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Five Interesting Facts About Sinclair Lewis

By Neely Simpson. Feb 7, 2020. 9:00 AM.

Topics: American Literature, Nobel Prize Winners

American author and Nobel laureate, Sinclair Lewis, was born in 1885 in the small Minnesota town of Sauk Centre. He was the youngest son of the town doctor. Unlike his two older brothers, he was awkward, gangly, sensitive and bad at sports. He also had very bad acne and was teased mercilessly for his looks. His was a lonely childhood. However, he showed an early aptitude for writing and found an escape in journaling and books. He left Sauk Centre at the age of seventeen to attend Oberlin Academy (Oberlin College) for a year. After his year at Oberlin, he was accepted to Yale where he was a contributor to and editor for the Yale Literary Magazine. Over the course of his career, he authored twenty-three novels, numerous short stories, articles, plays and poetry. Here are five interesting facts about one of America's first great satirists.

     
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The Six Wives of Norman Mailer

By Neely Simpson. Jan 31, 2020. 9:00 AM.

Topics: Pulitzer Prize, American Literature

"Notorious philanderer," "egomaniac," "pugnacious" and "pompous" are a few of the milder epitaphs that have been used to describe controversial and larger-than-life Norman Mailer. His New York Times obituary was even titled, "Norman Mailer, Towering Writer With Matching Ego, Dies at 84." Known in the literary world as one of the greatest writers of the twentieth century, Mailer won two Pulitzer Prizes in literature and one National Book Award. He is credited with having pioneered creative nonfiction as a genre, also called New Journalism. During his life he became as famous for his relationships with women as he did for his literary work. He was married six times and fathered eight children. Here is a brief look at the six wives of Norman Mailer.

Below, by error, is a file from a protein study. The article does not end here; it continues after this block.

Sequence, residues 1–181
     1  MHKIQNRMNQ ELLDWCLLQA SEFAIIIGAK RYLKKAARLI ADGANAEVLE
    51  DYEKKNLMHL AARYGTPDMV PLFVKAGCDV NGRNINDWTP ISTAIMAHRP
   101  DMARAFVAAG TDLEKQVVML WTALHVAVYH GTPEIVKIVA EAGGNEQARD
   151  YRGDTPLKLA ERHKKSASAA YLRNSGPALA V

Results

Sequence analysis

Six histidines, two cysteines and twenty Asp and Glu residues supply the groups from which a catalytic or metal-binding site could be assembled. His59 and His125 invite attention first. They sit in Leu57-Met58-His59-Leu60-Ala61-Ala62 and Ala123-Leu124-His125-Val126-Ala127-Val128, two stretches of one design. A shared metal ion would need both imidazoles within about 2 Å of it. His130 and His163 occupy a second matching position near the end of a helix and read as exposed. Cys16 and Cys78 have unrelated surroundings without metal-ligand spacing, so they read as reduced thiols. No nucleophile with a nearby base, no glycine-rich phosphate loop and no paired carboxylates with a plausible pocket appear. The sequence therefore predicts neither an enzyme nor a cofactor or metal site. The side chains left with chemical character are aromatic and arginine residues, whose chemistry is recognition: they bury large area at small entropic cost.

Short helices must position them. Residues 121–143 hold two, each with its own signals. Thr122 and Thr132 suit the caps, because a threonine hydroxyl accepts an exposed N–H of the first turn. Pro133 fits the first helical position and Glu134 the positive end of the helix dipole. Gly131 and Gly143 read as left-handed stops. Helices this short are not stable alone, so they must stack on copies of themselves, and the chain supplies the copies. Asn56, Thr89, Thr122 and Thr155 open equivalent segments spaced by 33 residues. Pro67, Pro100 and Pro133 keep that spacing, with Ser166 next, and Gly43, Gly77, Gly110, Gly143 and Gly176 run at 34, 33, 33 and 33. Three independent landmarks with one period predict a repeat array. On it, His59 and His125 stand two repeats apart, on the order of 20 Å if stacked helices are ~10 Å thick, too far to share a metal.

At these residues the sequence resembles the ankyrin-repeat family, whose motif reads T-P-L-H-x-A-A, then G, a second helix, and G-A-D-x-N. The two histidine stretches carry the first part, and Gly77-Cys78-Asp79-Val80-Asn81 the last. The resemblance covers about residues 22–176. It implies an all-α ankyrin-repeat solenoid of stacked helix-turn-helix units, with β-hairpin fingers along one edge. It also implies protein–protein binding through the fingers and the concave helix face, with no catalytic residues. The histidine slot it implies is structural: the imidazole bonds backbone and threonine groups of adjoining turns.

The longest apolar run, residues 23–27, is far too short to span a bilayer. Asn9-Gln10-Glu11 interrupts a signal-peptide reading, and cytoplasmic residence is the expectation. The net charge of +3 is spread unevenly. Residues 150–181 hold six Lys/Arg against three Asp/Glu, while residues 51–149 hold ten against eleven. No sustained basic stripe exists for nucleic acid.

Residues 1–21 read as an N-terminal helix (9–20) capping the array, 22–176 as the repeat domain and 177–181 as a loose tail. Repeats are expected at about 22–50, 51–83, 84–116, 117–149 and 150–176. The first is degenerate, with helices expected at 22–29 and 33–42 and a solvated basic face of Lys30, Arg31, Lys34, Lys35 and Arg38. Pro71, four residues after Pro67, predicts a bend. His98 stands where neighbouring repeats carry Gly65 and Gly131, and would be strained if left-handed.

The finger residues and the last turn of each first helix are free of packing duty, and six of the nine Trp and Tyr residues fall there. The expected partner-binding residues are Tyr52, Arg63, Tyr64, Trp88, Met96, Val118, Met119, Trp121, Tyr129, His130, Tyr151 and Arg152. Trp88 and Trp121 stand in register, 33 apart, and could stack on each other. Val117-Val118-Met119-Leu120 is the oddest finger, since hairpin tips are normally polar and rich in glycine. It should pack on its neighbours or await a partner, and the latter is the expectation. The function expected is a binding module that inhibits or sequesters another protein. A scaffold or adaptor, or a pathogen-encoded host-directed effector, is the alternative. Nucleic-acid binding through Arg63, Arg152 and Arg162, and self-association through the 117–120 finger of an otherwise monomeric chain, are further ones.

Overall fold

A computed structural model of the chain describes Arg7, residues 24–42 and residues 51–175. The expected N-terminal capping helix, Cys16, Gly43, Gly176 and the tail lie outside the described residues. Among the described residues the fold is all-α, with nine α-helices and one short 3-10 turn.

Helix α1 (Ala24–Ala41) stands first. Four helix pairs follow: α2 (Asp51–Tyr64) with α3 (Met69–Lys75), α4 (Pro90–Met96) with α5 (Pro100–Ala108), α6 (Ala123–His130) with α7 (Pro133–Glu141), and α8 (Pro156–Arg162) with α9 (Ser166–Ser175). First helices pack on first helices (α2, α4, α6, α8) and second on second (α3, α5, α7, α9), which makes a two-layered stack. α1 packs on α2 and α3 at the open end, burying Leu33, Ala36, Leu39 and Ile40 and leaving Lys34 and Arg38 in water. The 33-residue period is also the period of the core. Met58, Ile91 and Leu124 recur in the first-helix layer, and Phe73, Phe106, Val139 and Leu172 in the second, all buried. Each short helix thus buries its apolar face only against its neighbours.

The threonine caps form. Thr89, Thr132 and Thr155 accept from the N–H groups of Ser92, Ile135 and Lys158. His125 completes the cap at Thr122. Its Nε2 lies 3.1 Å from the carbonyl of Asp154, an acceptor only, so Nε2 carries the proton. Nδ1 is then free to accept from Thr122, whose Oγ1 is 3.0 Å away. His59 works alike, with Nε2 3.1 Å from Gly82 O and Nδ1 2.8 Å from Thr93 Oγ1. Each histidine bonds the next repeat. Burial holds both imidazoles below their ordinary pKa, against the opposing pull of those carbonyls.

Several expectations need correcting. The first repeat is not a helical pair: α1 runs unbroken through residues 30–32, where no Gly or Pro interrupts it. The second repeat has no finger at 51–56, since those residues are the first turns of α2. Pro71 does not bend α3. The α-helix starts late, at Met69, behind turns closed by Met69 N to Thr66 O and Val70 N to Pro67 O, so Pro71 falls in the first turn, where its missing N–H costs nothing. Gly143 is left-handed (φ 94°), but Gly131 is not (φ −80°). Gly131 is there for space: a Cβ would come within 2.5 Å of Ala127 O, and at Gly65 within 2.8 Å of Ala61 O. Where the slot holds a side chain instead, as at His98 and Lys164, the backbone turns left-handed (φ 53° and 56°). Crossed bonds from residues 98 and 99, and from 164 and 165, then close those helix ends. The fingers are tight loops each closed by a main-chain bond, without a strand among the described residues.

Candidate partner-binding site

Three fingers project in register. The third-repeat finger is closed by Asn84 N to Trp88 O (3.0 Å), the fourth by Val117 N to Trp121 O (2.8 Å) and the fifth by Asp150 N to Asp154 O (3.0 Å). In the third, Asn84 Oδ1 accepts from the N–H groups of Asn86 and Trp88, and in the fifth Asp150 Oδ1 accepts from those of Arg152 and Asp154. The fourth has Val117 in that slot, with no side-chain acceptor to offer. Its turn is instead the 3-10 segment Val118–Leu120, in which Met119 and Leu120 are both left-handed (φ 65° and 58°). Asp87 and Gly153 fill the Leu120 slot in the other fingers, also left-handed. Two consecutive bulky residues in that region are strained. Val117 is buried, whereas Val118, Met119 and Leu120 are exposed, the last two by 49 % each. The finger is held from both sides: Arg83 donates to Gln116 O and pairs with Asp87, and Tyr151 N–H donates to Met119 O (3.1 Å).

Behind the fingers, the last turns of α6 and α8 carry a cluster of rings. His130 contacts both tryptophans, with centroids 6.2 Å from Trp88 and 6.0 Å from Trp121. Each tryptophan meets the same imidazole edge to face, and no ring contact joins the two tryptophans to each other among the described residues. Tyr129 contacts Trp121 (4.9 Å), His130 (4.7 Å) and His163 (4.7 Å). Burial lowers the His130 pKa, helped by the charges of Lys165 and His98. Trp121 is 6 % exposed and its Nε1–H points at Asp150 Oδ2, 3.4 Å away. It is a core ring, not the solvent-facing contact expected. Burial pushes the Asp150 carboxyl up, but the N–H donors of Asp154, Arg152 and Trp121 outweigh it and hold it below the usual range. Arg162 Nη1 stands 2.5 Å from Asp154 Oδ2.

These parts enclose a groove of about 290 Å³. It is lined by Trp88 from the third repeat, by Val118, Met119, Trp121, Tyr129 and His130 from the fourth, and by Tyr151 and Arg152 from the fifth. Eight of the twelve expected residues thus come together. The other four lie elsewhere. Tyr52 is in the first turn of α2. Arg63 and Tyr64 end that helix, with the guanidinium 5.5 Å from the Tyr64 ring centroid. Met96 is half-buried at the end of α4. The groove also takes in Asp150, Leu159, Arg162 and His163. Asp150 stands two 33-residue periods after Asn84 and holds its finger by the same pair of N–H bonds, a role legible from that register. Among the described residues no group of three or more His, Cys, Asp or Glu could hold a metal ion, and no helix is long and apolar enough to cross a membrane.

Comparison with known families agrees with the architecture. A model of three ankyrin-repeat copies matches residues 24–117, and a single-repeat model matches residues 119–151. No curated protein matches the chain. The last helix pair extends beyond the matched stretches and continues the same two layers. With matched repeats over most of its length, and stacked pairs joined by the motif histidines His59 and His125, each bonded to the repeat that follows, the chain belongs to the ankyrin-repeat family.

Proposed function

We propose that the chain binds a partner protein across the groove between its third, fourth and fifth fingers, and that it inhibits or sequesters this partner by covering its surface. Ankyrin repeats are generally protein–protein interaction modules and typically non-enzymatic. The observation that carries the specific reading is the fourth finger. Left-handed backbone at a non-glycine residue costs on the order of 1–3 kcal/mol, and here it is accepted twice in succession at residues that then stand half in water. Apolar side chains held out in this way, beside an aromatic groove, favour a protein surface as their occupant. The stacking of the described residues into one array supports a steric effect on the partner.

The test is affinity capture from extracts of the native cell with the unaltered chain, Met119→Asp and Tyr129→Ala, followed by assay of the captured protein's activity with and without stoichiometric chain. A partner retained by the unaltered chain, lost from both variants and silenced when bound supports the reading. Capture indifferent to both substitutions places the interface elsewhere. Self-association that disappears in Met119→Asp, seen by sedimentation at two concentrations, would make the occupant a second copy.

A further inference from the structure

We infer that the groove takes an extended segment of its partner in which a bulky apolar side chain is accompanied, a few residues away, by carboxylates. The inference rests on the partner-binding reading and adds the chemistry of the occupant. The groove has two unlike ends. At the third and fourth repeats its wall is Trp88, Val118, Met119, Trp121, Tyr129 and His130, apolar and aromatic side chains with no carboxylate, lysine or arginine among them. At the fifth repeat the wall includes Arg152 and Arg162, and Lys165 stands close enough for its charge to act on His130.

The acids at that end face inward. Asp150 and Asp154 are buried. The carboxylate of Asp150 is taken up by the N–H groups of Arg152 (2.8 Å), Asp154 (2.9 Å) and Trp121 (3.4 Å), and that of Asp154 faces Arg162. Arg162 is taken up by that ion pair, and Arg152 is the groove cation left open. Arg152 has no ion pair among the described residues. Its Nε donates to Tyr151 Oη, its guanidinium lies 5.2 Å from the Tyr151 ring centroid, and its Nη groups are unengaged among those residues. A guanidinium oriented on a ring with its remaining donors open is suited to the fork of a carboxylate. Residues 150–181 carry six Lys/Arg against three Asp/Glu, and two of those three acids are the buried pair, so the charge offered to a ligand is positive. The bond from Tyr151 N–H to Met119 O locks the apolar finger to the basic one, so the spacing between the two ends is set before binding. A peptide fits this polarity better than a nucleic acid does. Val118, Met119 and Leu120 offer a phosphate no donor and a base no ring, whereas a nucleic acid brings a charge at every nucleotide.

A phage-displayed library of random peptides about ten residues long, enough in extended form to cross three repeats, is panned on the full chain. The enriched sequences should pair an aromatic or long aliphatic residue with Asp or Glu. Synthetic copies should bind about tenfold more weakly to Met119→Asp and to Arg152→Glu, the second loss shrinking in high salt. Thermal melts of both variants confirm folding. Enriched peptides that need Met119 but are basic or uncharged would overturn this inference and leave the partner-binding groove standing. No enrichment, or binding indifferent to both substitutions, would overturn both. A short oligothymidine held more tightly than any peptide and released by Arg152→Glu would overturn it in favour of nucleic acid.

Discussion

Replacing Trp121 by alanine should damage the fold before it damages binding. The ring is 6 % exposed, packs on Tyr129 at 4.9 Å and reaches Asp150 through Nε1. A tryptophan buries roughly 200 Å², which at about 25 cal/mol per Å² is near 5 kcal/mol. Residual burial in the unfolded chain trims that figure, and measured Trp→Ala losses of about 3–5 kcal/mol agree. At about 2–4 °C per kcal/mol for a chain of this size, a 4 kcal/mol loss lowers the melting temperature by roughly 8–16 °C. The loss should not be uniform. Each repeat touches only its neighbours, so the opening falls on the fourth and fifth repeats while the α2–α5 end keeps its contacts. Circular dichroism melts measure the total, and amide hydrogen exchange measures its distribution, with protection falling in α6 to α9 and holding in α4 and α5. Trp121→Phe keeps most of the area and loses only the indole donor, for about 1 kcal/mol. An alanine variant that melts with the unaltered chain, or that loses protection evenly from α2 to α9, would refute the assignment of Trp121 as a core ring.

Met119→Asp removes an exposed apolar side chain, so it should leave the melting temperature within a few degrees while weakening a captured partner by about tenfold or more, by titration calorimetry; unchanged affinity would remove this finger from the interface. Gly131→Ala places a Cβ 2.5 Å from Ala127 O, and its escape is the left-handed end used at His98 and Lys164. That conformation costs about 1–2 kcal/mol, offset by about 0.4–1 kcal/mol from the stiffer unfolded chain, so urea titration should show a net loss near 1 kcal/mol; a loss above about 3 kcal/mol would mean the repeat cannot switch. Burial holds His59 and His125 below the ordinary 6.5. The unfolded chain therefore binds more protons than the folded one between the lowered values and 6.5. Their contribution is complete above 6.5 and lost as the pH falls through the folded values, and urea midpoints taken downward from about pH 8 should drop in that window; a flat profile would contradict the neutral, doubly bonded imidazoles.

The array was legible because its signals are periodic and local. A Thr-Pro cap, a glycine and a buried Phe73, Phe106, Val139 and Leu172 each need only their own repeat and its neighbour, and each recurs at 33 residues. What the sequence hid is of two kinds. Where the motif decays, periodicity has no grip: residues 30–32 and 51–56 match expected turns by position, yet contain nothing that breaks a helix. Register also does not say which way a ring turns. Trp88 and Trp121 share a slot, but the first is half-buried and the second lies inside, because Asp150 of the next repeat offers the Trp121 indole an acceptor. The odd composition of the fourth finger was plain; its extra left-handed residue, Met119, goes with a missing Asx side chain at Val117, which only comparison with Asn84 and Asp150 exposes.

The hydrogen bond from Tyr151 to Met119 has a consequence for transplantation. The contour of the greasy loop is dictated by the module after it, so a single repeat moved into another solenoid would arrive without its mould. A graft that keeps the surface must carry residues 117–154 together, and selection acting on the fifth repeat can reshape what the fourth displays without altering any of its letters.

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Susan Sontag: Controversial Cultural Critic

By Carrie Scott. Jan 28, 2020. 9:00 AM.

Topics: American Literature

“Words alter, words add, words subtract.”

Susan Sontag: philosopher, literary critic, academic, political commentator, humanist, essayist, novelist, celebrity, diva, activist, zeitgeist; there is no one label in her repertoire that she didn’t engender a polarizing opinion on. With her trademark hair boasting an austere white stripe, Sontag shot to celebrity status in the 1960s, when she not only branded herself physically, but also made sure to be seen at shows, launches and Hollywood parties, laying the framework for a diva's reputation for haughtiness and mercurial behavior. She was observed berating any clerk or waiter who didn’t treat her with proper deference and imperious reverence. She was either venerated or villainized, either as a counter-cultural hero or a posturing pop celebrity. Never one for people pleasing, Sontag voiced her opinion on culturally controversial issues. 

     
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Top Books by State: Idaho

By Adrienne Rivera. Jan 13, 2020. 9:00 AM.

Topics: Pulitzer Prize, American Literature, Literary travel

Today we continue our literary road trip by taking a closer look at some of the best books from the state of Idaho. This Pacific Northwest state is known for its impressive, mountainous beauty and its sweeping forests. In fact, approximately 38% of the state is actually owned and preserved by the United States Forest Service. Idaho is unique in that it shares natural characteristics with both the Pacific Northwest and geological features more associated with the American West. This beautiful state is known for its national park tourism, agriculture, mining, and rich Native American cultures. The books we're looking at today focus in on Idaho's incredible vistas. Come travel the Gem State as we continue with the next stop in our Top Books by State series: